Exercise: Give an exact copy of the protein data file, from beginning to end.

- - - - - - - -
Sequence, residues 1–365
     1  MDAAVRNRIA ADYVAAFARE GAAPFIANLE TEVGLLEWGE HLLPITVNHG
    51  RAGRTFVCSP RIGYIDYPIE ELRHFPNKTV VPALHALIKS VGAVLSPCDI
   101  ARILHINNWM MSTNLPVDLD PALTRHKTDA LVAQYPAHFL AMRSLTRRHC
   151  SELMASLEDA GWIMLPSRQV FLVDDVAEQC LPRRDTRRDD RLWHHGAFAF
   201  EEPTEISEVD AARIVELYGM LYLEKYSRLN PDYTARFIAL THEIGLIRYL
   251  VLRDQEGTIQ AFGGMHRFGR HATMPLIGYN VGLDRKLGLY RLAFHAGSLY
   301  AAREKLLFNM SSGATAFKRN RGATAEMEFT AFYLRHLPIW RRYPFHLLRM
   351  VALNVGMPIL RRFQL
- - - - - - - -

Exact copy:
Sequence, residues 1–365
     1  MDAAVRNRIA ADYVAAFARE GAAPFIANLE TEVGLLEWGE HLLPITVNHG
    51  RAGRTFVCSP RIGYIDYPIE ELRHFPNKTV VPALHALIKS VGAVLSPCDI
   101  ARILHINNWM MSTNLPVDLD PALTRHKTDA LVAQYPAHFL AMRSLTRRHC
   151  SELMASLEDA GWIMLPSRQV FLVDDVAEQC LPRRDTRRDD RLWHHGAFAF
   201  EEPTEISEVD AARIVELYGM LYLEKYSRLN PDYTARFIAL THEIGLIRYL
   251  VLRDQEGTIQ AFGGMHRFGR HATMPLIGYN VGLDRKLGLY RLAFHAGSLY
   301  AAREKLLFNM SSGATAFKRN RGATAEMEFT AFYLRHLPIW RRYPFHLLRM
   351  VALNVGMPIL RRFQL